This weekend sees the arrival of Black Friday and Cyber Monday, though it seems that store offers have been going on all week -in the UK at least. Every time we turn on the TV or open our inbox, we’re faced with special promotions and offers. I wonder if it’s the same in your country? Is it something you look forward to or something you loathe? I decided to look up some alternatives to Black Friday and to ask some fellow bloggers for their tips and thoughts. Here’s what I discovered…
Black Friday alternatives
#BrightFriday – an alternative to Black Friday, this campaign attempts to raise awareness of the consequences of fast fashion and the fact that according to WRAP an estimated 300,000 tonnes of clothing a year ends up in landfill. Instead of shopping for more clothing, this campaign encourages us to revamp our wardrobes by having a clothes swap,or restyling items we already own.
#OptOutside – REI (an outdoor retail co-op) encourages people to reconnect with the outdoors over the holiday season. Last year they closed all their stores on Black Friday and paid their 12,000 strong staff to spend time outdoors. Last year their campaign encouraged more than 1.4 million people to #optoutside.
#GreenFriday – “Green Friday is all about supporting locally made items and experiences such as beauty treatments or theatre tickets as an alternative to buying yet more “stuff” – explains Emma.
#BuyNothingDay – is a day that rallies against international consumerism. Originating in Canada in 1992, it’s “a day for society to examine the issue of over-consumption.” You can read more here. Events organised by this group include sit-ins, credit card cut-ups,and a dawn-to-dusk switch off of non-essential appliances such as phones, TVs and computers.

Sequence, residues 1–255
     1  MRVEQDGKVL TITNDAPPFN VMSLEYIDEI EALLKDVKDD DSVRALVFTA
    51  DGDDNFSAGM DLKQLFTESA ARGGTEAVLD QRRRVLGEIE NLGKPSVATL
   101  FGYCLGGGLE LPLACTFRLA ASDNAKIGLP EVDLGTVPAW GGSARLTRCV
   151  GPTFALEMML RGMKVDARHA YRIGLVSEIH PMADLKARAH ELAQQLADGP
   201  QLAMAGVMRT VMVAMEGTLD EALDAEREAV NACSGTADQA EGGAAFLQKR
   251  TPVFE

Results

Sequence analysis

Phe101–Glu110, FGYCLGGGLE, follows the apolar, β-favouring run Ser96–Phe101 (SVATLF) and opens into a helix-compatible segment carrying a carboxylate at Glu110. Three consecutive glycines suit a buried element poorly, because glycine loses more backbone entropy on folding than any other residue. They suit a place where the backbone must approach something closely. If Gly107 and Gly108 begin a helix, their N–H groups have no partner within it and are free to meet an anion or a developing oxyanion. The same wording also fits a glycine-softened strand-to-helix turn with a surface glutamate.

Sinead has another interesting viewpoint, “We don’t do Black Friday….I know how damaging it can be to small independent retailers. I am happier to spend full price and know where my money goes.”
Eva highlights the difference between want and need, “I really hate how we’re all tricked into spending money. For something we don’t really need…We also buy only one present for everyone at Christmas. It’s only the grandparents who are hard to convince, that the children don’t need another plastic toy.”
On the other hand, if you really need an item, it’s got to be worth a look, right? Check out these Black Friday tips to make sure you’re getting the most for your money:
Benny says, “I’ve needed a washing machine, a cooker hob, a couch, dining table and chairs, phone and a bed for 6 months. I’ve had my eye on what I wanted and picked everything up for about 50% of what I would have paid 6 months ago (not that I had cash then). If you are shopping for specifics and know their real prices then it’s great.”
Helena reminds us that Black Friday isn’t the only time to grab a bargain, “If you are a savvy shopper then you may have picked up things in the January sales and others throughout the year like us.”
Victoria also has a plan, “This year I have a wishlist so I know what margin of discount I’m looking for and I am also mindful that some do raise their prices beforehand so the discounts appear better.”
A fellow admirer of Apple technology, Hayley says, “I’ll be keeping an eye out for the Apple store deals, it’s the one day of the year they offer discount.”
Other options include supporting those brands that support others such as Pukka Herbs, who are donating 100% of their profits from Black Friday back into the community.
Do you shop on Black Friday? Are you prepared with a wish list or brand that you’re going to price check tomorrow? Or will you be staying home/doing something completely different? I’d love to hear if you have any tips or stories to share.
If you enjoyed this post, you might also like Minimalism -Things I No Longer Buy